Elizabeth offers to nominate Robin for the sorority knowing her sister won’t and thinks: Why should Robin be kept out of PBA because she’s a little overweight? All right, a lot overweight.
Robin excitedly calls her mom and opens another candy bar.
Hm. I’m having a little trouble here figuring out what the author is trying to convey about Robin.
Thank you. And that’s just in chapter one.
In other chapters, Robin wears different varieties of “tent dresses.” When Elizabeth nominates Robin against Jessica’s wishes, Robin consumes an entire cherry cheesecake in fatty happiness.
Pledge week begins. Jess forces Robin to run around the track every day for a week in front of a crowd of non well-wishers. She has to wear a bikini to the beach and play volleyball. She does all these things and then her friend Jessica drops the bombshell. Robin has to get the school’s top douche Bruce Patman to invite her to the Discomarathon. Ah, the 1980s. Elizabeth coerces him by promising to write an article about his tennis prowess for the school paper.
Robin’s tent dress at the dance is “prettier. . .than usual.” Oh, that’s so sweet to think, Elizabeth. There’s a lull between Funky Town and MacArthur Park when Bruce announces, “OK, that’s it. I brought you to the dance, Tubby. But I’ve got better things to do now. Hey! Anybody want to steer the Queen Mary around the floor tonight? She’s all yours!”
“Discomarathon had become Discodisaster.” Are you Discofuckingkiddingme?
Robin cries in the girl’s bathroom and Elizabeth tries for comfort with “You’ve got a pretty face.” She initially didn’t mean it, but on closer inspection of Robin’s snot-covered visage, Elizabeth sees a glimmer of beauty encased by fat.
At the PBA vote, Robin has a black ball cast against her, effectively keeping her out of the sorority. Elizabeth knows it was Jessica, but the voting remains anonymous. Elizabeth accompanies Jessica to break the news to Robin. Robin’s face contorts into a tragedy mask, and she yells, “There’s no reason for me to go on.” She knocks over a chair on her way out because…she’s fat.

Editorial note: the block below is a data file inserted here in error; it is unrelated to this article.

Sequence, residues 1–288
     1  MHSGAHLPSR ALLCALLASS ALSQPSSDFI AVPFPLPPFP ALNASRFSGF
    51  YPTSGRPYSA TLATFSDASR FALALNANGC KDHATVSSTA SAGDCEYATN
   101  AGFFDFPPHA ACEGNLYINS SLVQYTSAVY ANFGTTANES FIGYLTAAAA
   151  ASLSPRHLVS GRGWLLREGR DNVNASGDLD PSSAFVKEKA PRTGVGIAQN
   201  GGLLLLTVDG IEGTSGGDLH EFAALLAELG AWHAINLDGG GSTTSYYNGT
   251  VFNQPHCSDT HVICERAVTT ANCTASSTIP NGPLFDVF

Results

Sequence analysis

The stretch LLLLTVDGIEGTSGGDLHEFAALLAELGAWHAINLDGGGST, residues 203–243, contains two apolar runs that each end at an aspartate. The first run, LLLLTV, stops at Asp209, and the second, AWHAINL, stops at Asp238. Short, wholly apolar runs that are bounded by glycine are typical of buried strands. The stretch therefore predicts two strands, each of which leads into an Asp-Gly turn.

Robin is absent from school for a couple of days. When she returns, she walks the halls like a zombie and spends most of her time running on the track in a shapeless sweat suit. Elizabeth’s reporter sense begins to tingle. Something is different about Robin. She sees Robin’s lunch tray is not piled with mounds of Crisco but instead lettuce leaves, tomatoes and a hardboiled egg. A light bulb goes off over Elizabeth’s head albeit a very dim one. Robin is losing weight. No kidding. A-derp.
Robin becomes super popular because her fatness was the one thing holding her back. She tries out for cheerleading and makes co-captain with Jessica. Robin starts to talk to Elizabeth again after realizing Elizabeth doesn’t suck as hard as Jessica. Because Elizabeth is a doormat and a dopey one at that, she tries to say “Oh no, Jess would never hurt you. She’s your friend.” And Robin is all like “The fuck?”
Robin eventually wins the coveted Miss Sweet Valley High at the Football Queen Pageant. The what, now?
Jessica was her main competition and Jessica decides it’s time to invite Robin to join PBA. Robin says suck it.
So what was the message exactly?
Well played, girls.